"He took a lot of ridicule from the kids on the team about the ballet," Kotlarek says, "but I attribute Jim's success to Shirley. She taught those boys self-awareness, and she taught them discipline. She wouldn't let them quit. They'd do things that looked perfect, but they wouldn't be perfect enough for Shirley."
The ridicule stopped at Innsbruck, when Denney was the top U.S. finisher in both the 70-meter and 90-meter jumps, placing 21st and 18th, respectively. "I don't think he even knew where he was," says Kotlarek. "His whole day was regimented, so that he got up and did this and this and this in order. Even back then, we were preparing for 1980, so there was no pressure."
In the fall of 1977, Kotlarek hired a Finnish jumping coach, Pentti Ranta, to work with the U.S. team, and persuaded the Denneys to abandon Shirley's workouts and train with Ranta. Using weights while continuing to stress flexibility, Denney increased his strength-to-body-weight ratio significantly, so that now, at 5'7" and 150 pounds, he can squat-thrust 2½ times his own weight and broad-jump 10'2" from a standing position. "Physically, these guys are in as good or better shape than any jumpers in the world," says Ranta, a patient, bearlike man who believes the only fall a jumper truly must fear is falling in love. "Technically, we're still working. It's all final tuning from here."
It is a relaxed process. The calmness that Finberg-Sullivan instilled in him has stuck, and the boy-faced Denney comports himself as if he has a perpetual Strauss waltz humming in his ears. "An Olympic medal isn't the biggest thing in my life, anyway," says Denney. "You've got to be a little more stable about things than to flow with the ups and downs of whether you win or not. There's so much chance involved. In the 90-meter jump at Sapporo in 1972, there was a 10th of a point between each of the first four places. Four-tenths of a point between a gold and a pat on the back. That's less than a meter or maybe even half a meter per jump."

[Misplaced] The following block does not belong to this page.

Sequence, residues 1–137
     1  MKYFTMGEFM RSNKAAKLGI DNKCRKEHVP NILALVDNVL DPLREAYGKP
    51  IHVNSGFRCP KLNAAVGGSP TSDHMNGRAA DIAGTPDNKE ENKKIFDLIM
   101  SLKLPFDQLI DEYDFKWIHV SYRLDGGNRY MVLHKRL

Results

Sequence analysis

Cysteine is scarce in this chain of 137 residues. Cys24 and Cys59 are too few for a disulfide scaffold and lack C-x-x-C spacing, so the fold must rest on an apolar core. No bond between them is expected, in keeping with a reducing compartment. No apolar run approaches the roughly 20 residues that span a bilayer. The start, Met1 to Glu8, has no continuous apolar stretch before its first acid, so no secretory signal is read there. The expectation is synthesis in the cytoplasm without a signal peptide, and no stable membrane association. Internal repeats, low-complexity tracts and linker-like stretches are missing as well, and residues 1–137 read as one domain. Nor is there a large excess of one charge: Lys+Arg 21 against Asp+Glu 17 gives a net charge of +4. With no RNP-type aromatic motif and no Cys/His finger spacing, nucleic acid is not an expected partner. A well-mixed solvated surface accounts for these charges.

Spoken like a true accountant. But if a medal isn't the most important thing in Denney's life, it most certainly is for the life, health and happiness of U.S. ski jumping. "When I came into this office in 1975," says John Bower, the head of the U.S. Nordic Ski program, "there were a lot of people ready to bury the sport of jumping. Had I said, 'We can't be competitive, let's drop it,' I'd have had no argument from the trustees. But I'm encouraged now because you're starting to see some excitement at the grass-roots level."
No one is fooling himself into thinking that ski jumping will ever achieve broad popularity as a recreational sport, but as the U.S. speed skaters have proved, a small base can still produce top international athletes. "The problem with our program now is that it's synthetic at the top," says Kotlarek. "In other sports the cream has time to rise to the top, but we have to select our best very early on and train them. Our guys are highly trained athletes, not natural ones. But the fire is starting to burn a little bit hotter now, and if Jimmy were to win a medal, it would really take off.
"The thing with the speed skaters is that they've made the size of their group work for them. The skaters may be small in number, but they're all top competitors. From day one, all a skater knows about is excelling, because who does he or she look to? Eric Heiden or Sheila Young, who are the best in the world. Royalty begets royalty. Ski jumping has always been a poor man's sport over here."
What it lacks, then, is a King of the Mountain. Jim Denney, from the time you first climbed up Bunny Ears, a nation and a sport have awaited your flight.